Fiberight, a South Wales, UK-based resource recovery company that has developed proprietary water-based sorting technology, is leading a three-year £10 million large-scale demonstrator project focused on the capture, recovery and recycling of so-called ‘Uncaptured Unrecycled Plastics’ - plastic packaging currently lost to landfill and incineration.
The Fiberight team are working with four partners on the Uncaptured Unrecycled Plastics (UP) project: Impact Recycling, Moulding Solutions, Ranela Recycling Services and ProAmpac. The aim is to establish and operate a commercial-scale demonstration facility for the recovery, sorting and recycling of post-consumer plastic packaging from mixed waste streams, for example, reject material from Materials Recycling Facilities and on-the-go or food retail outlet waste. In these streams, plastic packaging is mixed with other types of packaging, including glass, metal, paper, cardboard as well as food waste, making it unrecyclable in the UK’s current plastic recycling infrastructure.
“By 2028, we aim to increase the amount of flexible plastics recycled in the UK by 300% - compared to 2021 levels of recycling,” said Nick Thompson, co-founder and managing director of Fiberight.
“Ultimately, we are confident the project will showcase a game-changing innovation in the waste and recycling industry, thereby enabling access to finance for future commercial ventures,” he added.
Fiberight has developed technology it calls Hydracycle,which uses water as a separation medium to clean and segregate materials. Food waste and organics are ‘washed off’ the raw resources in mixed waste so that clean, contaminant-free materials are obtained for recycling. The dirty water, containing food waste, is treated via anaerobic digestion to produce biogas. Clean water is recovered after treatment and re-circulated back to the plant. Fiberight is developing bolt-on technologies for each raw material stream that can be integrated with Hydracycle to upgrade the recovered resources into new materials and products.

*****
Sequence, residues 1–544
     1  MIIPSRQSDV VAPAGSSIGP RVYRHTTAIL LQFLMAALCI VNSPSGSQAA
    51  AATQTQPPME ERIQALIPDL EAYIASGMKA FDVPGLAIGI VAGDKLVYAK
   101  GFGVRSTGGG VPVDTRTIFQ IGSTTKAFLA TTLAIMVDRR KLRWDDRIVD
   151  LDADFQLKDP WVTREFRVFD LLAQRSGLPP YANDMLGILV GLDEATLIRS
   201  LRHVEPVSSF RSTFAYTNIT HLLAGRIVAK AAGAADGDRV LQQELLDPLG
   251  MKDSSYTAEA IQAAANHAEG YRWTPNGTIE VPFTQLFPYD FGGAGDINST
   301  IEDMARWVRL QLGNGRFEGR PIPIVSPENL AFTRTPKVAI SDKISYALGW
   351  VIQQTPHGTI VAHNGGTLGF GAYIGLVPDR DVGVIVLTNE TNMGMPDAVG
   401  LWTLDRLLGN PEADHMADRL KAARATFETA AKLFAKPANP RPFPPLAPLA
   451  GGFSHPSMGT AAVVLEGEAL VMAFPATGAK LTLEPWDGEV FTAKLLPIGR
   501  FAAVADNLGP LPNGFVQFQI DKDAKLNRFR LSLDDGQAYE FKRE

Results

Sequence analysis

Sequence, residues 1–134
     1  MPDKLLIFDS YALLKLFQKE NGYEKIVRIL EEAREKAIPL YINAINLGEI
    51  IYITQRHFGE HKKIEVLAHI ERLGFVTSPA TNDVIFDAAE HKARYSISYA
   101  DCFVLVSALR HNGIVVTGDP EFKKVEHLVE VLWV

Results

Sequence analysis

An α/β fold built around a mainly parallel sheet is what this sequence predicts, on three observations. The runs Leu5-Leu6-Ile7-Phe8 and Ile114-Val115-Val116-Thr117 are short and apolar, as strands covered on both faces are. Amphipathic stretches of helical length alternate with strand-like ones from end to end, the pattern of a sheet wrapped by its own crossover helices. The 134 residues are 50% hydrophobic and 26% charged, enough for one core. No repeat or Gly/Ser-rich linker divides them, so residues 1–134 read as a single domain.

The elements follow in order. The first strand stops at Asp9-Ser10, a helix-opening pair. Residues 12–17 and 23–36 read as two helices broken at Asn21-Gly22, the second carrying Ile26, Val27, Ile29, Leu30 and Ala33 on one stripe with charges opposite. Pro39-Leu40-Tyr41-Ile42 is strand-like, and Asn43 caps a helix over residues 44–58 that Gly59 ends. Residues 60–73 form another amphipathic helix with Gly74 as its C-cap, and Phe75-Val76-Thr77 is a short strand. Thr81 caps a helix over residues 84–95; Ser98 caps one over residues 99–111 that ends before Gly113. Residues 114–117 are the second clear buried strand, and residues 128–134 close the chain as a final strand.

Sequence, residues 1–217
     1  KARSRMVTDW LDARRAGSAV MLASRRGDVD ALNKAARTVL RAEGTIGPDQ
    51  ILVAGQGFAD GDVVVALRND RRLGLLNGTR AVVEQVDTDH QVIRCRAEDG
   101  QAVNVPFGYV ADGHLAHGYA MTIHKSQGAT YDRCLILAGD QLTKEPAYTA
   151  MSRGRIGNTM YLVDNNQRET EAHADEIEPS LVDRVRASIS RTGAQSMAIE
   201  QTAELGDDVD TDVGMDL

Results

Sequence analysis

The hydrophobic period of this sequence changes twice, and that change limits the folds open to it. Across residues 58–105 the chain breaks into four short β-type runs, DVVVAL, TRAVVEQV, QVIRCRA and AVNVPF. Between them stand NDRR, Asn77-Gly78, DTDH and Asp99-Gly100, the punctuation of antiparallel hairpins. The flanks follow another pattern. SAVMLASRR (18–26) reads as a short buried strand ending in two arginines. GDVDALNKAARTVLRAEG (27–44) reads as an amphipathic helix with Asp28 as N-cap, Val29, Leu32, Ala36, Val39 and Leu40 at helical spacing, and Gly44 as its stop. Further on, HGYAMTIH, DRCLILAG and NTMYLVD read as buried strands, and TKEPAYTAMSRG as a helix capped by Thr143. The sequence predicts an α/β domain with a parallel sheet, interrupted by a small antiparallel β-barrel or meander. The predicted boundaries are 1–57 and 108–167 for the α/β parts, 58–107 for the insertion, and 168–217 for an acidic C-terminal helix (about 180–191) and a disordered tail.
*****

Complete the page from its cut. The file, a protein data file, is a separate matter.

Such bolt-on technologies include hydrolysis, pyrolysis, gasification and fermentation, said Fiberight. Bolt-on technology has already been developed for the separation of rigid and flexible plastic packaging into purified mono-material streams.
The demonstrator facility will be built at Swansea and use feedstock from local MRFs, initially contaminated MRF films and contaminated rigid plastics, before moving up to processing MRF reject materials. The plant will have an annual capacity of up to 60,000 tonnes, and in the longterm, will generate 40 jobs.
Each of the participating partners has a specific role in the project. Impact Recycling is contributing expertise in the form of their patented, automated, water-based BOSS polymer separation solution that separates post-consumer mixed rigid plastic waste into two consistent streams of post-consumer resin: polyethylene (PE) and polypropylene (PP), each with a 98% purity. The system is also colour agnostic, separating black plastic to the same 98% purity as other colours. Impact Recycling’s BOSS systems will be integrated with Fiberight’s Hydracycle technology, offering a comprehensive water-based separation process for the recovery and recycling of different plastic types and packaging formats.
The key off-take partner for the recovered rigid plastics is rigid plastics recycler Moulding Solutions, who will process these into resin used by UK manufacturers of products such as utilities pipes, wheelie bins and packaging.
Ranela Recycling Services, a flexible plastic recycling specialist, will advise on product quality, recycling equipment and routes to market for finished flexible or film-based plastics products.
The fourth partner, ProAmpac, a market leader in flexible packaging will provide technical advice and support to the project.
The UP project has been granted £4.2million in co-funding from Innovate UK’s Smart Sustainable Plastic Packaging Challenge.
“Capturing and recycling plastic packaging that otherwise would be sent for incineration as part of a MRF reject stream will help the UK to increase its plastic recycling rate and reduce the environmental impacts associated with disposal. This large-scale demonstration will prove if this technology is capable of achieving that and at commercial scale,” said Paul Davidson, Innovate UK’s Challenge Director – Smart Sustainable Plastics Packaging,
Fiberight has also secured £100k funding from the Welsh Government towards a £200k plastics R&D project aiming to commercialise a near-to-market application for flexible plastics.